As we jazz run our way into the winter guard season, we find the color guard performer more and more challenged by the roles they are asked to embody. One of these may be that of a storyteller.
While some of the shows that are created this season may not be telling a literal story complete with characters and plot twists, many will engage and enchant in ways that take the audience on a journey of emotion and color. Storytelling doesn’t always have to be a narrative; it can exist as a type of visual journey of concept and theme.
A good majority of winter guard shows are designed similarly to the plot structure in a story: At the onset, they set the scene/mood or atmosphere, followed by a series of events that lead us into a climactic visual moment and end in resolution.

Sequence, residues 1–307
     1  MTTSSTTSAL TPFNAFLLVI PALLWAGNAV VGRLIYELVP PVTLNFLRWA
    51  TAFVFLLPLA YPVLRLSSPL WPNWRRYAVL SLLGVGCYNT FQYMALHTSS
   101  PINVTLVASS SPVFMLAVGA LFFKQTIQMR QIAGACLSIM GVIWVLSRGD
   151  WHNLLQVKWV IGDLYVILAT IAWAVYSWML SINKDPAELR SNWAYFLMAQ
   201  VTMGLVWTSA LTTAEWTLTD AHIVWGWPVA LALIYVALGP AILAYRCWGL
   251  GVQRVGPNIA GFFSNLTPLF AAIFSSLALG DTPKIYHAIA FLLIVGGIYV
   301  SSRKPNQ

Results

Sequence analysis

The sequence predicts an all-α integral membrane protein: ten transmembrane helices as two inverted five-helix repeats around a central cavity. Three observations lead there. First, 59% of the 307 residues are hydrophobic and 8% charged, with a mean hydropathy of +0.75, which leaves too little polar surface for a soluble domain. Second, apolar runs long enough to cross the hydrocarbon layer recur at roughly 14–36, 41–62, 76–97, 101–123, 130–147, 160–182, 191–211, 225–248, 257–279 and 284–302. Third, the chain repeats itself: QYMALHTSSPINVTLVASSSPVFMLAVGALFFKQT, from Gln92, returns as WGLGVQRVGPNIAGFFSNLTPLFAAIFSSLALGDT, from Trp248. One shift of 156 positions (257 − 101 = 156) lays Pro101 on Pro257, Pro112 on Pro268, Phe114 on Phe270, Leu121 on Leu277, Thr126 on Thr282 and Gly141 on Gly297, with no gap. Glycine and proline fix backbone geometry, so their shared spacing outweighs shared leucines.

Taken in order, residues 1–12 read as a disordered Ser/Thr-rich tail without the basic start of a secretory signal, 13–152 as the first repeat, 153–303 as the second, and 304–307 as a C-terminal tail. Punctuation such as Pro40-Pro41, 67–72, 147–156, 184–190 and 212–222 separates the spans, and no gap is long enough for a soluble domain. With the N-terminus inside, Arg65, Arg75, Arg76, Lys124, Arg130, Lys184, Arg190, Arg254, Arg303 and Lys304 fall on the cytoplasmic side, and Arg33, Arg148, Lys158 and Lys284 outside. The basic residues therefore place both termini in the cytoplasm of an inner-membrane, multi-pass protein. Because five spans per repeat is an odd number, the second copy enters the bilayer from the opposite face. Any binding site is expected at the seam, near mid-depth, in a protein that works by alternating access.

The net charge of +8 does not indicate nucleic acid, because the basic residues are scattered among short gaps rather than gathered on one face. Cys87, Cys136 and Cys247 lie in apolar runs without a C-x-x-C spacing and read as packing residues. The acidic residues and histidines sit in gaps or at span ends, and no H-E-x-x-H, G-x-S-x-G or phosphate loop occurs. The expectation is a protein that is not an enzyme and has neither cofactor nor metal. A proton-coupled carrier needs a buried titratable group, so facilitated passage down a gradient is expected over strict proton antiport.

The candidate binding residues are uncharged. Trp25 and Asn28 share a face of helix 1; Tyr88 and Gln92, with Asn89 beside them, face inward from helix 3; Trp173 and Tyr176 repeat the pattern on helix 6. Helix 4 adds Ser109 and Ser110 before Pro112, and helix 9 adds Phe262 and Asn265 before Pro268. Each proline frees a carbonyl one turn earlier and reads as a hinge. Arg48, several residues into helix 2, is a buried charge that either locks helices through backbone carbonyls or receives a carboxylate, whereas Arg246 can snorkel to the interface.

Depending on the theme/concept or idea of the show, the performer often drives the vehicle on the stage and communicates to the audience in ways that go well beyond counts, equipment, and body. A color guard performer communicates with the audience in non-verbal ways.
Everything you do in winter guard has an innate energy in terms of how movement and equipment happen, and that energy is what drives the story of your show. The performer must understand that there are many variations of energy: free, flowing, gentle, percussive, tight, loose, heavy, light (and the list can go on and on).
Storytelling at its very essence is about expression, and you know that expression is everything in the world of color guard! Stories transport people, they open minds, but most of all, they move people.
This season there will be countless fans in your audience waiting for you to share your art, tell the story of your show, and take them on a journey through this wonderful vehicle we call color guard. Enjoy!